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Increase Security and Decrease the Deficit with a Unified Security Budget

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Along with barbecues and a high heat index, July brings us our nation's birthday, which allows us to reflect on the beginning of America's history. Just as there is today, there was the presence of war and debates over taxes, but there was also strong diplomatic action. Thomas Jefferson, Benjamin Franklin and John Adams were all founding fathers of our nation, but they were also all diplomats who worked tirelessly to improve America's foreign relations with Europe.

It has always been an American goal to use diplomacy as a means of maintaining and strengthening our national security. This is why, as a member of the Unified Security Budget (USB) task force, I believe there is a need to increase America's holistic attitude on security spending. By looking at the State Department and Department of Defense's budgets together, we will be able to use our security spending in a more effective manner while reducing our deficit at the same time.

The just-issued 2012 USB report would reduce overall security spending by $50 billion. The report recommends splitting this saving between job creation and deficit reduction. The USB is not only cost effective, but it also maintains and advances our national security and international security interests.

Here are three top examples from the FY2012 USB to reduce military spending in the Defense Department by creating trade-offs with the State Department:

  • $2.41 billion to purchase a second Virginia Class Submarine, a weapon that is unnecessary to address any of the threats facing the U.S. today, or meet the State Department's request of $2.14 billion for the contributions to International Peacekeeping Activities account, and recover $322 million cut from public diplomacy in 2008.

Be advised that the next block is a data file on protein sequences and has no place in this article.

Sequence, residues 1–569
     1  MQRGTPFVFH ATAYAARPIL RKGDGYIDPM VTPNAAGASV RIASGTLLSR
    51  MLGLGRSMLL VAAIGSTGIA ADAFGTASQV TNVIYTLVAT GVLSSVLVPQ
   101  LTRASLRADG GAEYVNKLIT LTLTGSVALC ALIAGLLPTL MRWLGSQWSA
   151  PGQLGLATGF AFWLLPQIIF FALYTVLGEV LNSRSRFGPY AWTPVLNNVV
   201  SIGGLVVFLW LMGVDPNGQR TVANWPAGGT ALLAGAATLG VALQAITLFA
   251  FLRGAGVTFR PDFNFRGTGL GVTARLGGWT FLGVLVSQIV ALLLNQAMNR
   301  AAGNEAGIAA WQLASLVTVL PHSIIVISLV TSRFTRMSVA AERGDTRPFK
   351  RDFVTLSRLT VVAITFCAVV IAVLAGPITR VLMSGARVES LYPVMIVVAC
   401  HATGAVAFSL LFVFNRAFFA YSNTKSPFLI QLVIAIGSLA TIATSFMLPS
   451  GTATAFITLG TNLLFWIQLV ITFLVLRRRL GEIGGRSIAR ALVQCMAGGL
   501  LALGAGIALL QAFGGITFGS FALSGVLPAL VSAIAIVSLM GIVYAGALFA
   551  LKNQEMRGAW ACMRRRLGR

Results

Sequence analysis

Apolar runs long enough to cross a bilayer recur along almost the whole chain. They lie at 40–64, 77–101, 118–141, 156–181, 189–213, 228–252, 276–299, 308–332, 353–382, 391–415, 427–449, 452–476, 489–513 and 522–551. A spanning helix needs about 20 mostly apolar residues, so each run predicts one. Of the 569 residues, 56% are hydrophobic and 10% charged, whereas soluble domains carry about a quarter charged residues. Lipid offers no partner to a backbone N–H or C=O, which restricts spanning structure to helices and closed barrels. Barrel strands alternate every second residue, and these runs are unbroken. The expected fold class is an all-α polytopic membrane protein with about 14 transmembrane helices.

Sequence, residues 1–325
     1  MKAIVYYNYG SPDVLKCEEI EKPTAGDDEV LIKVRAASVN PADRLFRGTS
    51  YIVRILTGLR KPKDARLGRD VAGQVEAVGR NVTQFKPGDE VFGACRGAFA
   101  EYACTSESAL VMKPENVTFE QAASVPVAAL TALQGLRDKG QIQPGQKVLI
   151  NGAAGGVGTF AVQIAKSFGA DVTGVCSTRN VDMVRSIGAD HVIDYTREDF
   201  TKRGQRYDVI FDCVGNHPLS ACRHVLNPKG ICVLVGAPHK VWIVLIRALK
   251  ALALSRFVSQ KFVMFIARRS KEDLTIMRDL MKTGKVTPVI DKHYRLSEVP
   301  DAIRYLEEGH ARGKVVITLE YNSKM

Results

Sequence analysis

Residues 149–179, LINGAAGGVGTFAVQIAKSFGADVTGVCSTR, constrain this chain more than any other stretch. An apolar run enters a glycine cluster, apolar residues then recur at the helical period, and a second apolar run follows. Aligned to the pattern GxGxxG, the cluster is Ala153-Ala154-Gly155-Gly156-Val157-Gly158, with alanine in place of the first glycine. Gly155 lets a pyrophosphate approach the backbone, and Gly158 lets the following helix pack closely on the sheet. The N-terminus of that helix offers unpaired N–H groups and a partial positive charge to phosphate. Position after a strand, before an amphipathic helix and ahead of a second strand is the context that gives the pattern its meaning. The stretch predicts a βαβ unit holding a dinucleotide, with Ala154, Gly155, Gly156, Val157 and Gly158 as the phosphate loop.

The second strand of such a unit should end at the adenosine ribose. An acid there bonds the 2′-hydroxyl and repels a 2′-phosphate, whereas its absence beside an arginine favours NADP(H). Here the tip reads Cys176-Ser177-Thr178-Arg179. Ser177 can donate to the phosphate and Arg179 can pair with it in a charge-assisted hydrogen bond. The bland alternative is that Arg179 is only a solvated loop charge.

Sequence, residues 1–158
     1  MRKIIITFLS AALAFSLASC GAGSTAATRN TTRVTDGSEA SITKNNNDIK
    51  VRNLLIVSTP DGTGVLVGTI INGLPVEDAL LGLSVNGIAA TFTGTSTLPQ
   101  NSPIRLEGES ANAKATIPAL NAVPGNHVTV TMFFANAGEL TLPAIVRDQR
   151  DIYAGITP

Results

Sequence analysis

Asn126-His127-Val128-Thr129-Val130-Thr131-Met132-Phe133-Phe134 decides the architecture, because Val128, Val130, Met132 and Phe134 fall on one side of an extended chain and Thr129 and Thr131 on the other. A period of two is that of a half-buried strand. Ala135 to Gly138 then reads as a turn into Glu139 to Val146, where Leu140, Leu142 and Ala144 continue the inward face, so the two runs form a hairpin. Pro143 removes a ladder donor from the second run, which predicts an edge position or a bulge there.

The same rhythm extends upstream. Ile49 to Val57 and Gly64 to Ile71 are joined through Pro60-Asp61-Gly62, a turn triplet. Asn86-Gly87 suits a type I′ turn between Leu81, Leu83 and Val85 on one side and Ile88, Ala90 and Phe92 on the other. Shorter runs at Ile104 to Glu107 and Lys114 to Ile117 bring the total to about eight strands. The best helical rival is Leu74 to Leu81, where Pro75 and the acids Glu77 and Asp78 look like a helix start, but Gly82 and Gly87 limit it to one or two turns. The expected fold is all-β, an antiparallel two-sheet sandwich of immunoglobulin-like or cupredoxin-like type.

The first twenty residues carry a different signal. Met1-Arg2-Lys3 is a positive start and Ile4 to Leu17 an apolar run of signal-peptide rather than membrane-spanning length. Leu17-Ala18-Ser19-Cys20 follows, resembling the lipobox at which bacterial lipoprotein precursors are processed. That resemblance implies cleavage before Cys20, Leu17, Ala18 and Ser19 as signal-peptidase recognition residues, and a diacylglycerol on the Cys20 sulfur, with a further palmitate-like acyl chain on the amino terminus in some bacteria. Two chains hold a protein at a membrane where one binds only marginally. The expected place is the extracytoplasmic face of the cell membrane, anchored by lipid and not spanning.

• $1.3 billion to maintain existing levels of annual aid to Egypt's military, or support Egypt's burgeoning democracy through economic and humanitarian assistance.
  • $70 billion to pay for the cost overruns caused by management failures in DOD military contracts from just the last two years, or fully fund the State Department's annual budget of $47 billion one and a half times over.

Military spending is not and has never been the only way to maintain and increase our national security. Diplomacy, development and prevention lead to more stabilization than does purchasing unnecessary weapons. Looking at our security spending in a more unified way will allow us to better utilize our resources and lead to a safer, more secure world. So far, however, the Obama administration has disproportionately cut the State Department in comparison with the Department of Defense's budget.

The bottom line is this: military spending is not America's only option in terms of security spending. Washington needs to shift its thinking if it is serious about debt reduction and implement the USB. Security spending in the United States needs to be reformed, and in order to maintain its effectiveness, the State and Defense Departments need to make budgetary trade-offs. This is an important step toward a safe and secure world.